• 39. BEVERLY JACKSON | The GRAMMY AwardsBeverly is the Senior Director of Marketing, Social and Digital Strategy for The Recording Academy and the GRAMMY Awards, where sheoversees integrated marketing programs for a variety of brand partners, promotes the iconic broadcast and incorporates social engagementwith fans and artists into the experience. You can follow her on Twitter @bevjack.(Disclaimer: Beverly is not a Sprinklr client.) Moving From Nostalgia to the Now: How the GRAMMY Awards Became Social@ScaleThe 54th Annual GRAMMY Awards last February was the Most Social Event in TV History. The evening generatedmore than 13 million social media comments -- a 2,280 percent increase over the previous year’s broadcast -- andbeat the previous record of 12.2 million social media comments sparked by the 2012 Super Bowl. At their peak,GRAMMY fans were delivering in excess of 160,000 Tweets per minute.Four years ago, coming off the majestic celebration of our50th anniversary, my job title didn’t even exist. We only hada marketing director and a webmaster. The GRAMMY brand How could wewas strong, but it was a nostalgic brand, a legacy brand thatlooked back fondly on the history of music. Our CMO wanted connect the Grammyus to move forward – we needed to focus more on capturingthe hearts of young people and be part of the conversation brand to a generationNOW. We needed to bring more brand partners under theGRAMMY halo. that had never evenThis was an amazing and exciting career opportunity, but the purchased a CD?challenge was also like trying to turn the Titanic.During the 2008 presidential election, we were inspired by thechatter on Twitter. A brand new coalition of people was talking about politics – people who had never been heardfrom before. How could we reach a whole new demographic? How could we connect the GRAMMY brand to thegeneration that not only never bought music on vinyl, but had never even purchased a CD?Our first campaign was “Celebrate the Music That Makes Us.” Stunning portraits of artists like Coldplay, Rihannaand Lil Wayne were created using words from song titles and lyrics that inspired their careers and lives. Duringthat first year, all we cared about was Tweeting during the three-and-a-half hour broadcast. We had MySpace andFacebook pages, but all we focused on was Twitter.Continued on next page >> SHARE THIS E-BOOK 39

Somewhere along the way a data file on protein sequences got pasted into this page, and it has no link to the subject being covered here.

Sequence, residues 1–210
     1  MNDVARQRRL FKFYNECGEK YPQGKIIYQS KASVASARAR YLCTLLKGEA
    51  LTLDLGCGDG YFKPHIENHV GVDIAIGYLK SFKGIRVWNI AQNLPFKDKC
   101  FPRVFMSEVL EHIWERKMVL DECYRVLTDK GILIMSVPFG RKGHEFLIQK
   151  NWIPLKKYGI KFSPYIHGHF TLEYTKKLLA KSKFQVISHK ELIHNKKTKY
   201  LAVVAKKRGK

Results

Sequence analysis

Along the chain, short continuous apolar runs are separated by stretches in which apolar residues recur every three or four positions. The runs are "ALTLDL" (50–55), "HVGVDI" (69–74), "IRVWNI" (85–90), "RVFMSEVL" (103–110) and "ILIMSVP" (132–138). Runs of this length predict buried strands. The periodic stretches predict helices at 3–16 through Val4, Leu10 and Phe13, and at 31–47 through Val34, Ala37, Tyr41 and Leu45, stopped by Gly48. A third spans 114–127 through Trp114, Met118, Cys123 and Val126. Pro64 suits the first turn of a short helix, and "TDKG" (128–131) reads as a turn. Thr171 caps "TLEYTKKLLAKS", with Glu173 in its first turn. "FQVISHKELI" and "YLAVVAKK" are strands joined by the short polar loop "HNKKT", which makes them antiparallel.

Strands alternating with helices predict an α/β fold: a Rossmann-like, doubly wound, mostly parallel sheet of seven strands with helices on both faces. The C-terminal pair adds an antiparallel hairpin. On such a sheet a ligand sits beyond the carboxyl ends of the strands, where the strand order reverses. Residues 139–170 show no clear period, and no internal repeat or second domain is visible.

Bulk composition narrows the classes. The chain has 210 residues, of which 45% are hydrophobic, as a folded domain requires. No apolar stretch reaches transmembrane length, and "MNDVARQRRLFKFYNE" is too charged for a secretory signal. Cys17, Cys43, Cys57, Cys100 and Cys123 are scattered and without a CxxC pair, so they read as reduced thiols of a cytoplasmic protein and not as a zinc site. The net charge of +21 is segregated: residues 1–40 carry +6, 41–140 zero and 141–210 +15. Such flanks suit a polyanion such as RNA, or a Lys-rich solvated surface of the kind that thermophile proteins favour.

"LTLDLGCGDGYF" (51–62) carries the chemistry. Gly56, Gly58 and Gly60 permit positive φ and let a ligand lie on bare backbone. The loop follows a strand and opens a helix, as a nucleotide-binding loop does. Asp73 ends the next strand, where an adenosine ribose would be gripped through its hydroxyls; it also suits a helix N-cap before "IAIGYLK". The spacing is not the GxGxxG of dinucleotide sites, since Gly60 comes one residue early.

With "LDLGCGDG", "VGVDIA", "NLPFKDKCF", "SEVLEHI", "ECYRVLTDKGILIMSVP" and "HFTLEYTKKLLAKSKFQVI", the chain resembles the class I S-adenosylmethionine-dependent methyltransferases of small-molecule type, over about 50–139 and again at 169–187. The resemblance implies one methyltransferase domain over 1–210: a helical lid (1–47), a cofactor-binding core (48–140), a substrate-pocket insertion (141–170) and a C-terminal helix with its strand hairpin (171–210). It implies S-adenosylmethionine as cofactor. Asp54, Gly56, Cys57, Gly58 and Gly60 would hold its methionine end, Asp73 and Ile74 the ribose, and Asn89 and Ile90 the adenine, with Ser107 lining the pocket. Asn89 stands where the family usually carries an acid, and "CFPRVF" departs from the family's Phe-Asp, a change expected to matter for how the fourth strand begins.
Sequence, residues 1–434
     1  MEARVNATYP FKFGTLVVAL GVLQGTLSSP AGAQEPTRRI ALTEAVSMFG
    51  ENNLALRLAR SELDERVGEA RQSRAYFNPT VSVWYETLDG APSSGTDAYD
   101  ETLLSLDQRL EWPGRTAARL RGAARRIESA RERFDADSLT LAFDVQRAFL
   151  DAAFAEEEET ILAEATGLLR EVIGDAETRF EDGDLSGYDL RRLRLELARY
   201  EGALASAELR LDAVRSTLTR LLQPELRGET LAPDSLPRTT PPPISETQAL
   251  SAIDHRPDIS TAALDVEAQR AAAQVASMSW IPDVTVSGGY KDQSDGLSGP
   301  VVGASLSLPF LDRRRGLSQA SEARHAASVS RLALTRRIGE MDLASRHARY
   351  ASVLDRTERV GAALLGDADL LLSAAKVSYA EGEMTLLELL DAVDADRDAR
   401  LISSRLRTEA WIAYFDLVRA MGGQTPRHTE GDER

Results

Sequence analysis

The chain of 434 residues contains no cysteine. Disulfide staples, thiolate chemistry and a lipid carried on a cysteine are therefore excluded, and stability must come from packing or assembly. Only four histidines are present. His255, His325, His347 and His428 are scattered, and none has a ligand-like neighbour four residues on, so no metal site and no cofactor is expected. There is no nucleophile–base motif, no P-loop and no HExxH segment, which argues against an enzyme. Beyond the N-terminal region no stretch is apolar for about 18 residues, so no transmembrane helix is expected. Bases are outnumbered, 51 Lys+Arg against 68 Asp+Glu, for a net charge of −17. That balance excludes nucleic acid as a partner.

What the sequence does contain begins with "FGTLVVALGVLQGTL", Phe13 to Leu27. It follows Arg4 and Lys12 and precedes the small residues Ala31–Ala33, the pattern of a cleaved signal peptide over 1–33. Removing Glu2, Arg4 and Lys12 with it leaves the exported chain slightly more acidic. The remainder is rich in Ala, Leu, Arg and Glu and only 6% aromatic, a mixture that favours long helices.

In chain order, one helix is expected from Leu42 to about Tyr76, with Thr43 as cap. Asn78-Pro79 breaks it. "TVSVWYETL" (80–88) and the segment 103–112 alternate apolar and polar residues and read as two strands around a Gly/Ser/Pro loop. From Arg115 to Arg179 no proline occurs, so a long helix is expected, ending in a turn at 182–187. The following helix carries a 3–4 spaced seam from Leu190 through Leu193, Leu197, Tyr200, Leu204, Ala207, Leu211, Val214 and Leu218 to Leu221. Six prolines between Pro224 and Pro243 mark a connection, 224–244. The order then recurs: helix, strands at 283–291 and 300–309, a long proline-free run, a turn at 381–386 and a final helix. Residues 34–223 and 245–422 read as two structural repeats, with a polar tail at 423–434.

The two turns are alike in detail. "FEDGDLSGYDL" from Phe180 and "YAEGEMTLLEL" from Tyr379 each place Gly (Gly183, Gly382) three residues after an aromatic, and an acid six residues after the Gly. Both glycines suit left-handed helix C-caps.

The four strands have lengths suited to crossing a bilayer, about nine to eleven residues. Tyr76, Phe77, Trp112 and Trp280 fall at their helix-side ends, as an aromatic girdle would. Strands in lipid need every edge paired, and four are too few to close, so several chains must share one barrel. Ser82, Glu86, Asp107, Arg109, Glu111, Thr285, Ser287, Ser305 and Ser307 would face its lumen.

• 40. Moving From Nostalgia to the Now: How the GRAMMY Awards Became Social@Scale (continued)In real time, we Tweeted who’s coming up next and who just won an award. If you got off the couch to go to thefridge and then asked your friend, “What just happened?” We were that friend on Twitter. We were your personalTV companion. So for the 51st GRAMMY Awards, it was one-way communication: us telling you what happened. From that point on, we never looked back. It would be all two- way conversations from now on. Our next campaign was “WeOur social program Are All Fans.” It invited you to click on a YouTube collage of ordinary people doing cover versions of their favorite artists’is 365 days a year. songs. Then, we decided to recognize the people who have never picked up a guitar and never even sung one note outsideIt’s no longer about a the shower but who make a tremendous impact on the music world. We called this our “Social Media Rock Star Summit” andthree-and-a-half hour we invited pioneers like the founders of Digg, Tumblr, YouTubeaward ceremony. and Shazam. Today, a Tweet isn’t enough for us. We’re offering a second- screen experience with GRAMMY Live. During the awardsbroadcast, we take our fans behind the velvet rope and on the red carpet, where you’ll see and hear things fromcelebrities that you’ll never experience again. We don’t rebroadcast the show. You have to be there when themoment happens.We’re not the biggest brand on Twitter or Facebook and don’t strive to be. We focus on creating water coolermoments and quality conversation.Whenever something bad or something exciting happens in the music industry, we want people to immediatelythink about going to GRAMMY.com. We have a new rule we live by: We want to be everywhere where people aretalking about music. Our social program is 365 days a year. It’s no longer about a three-and-a-half hour awardceremony. SHARE THIS E-BOOK 40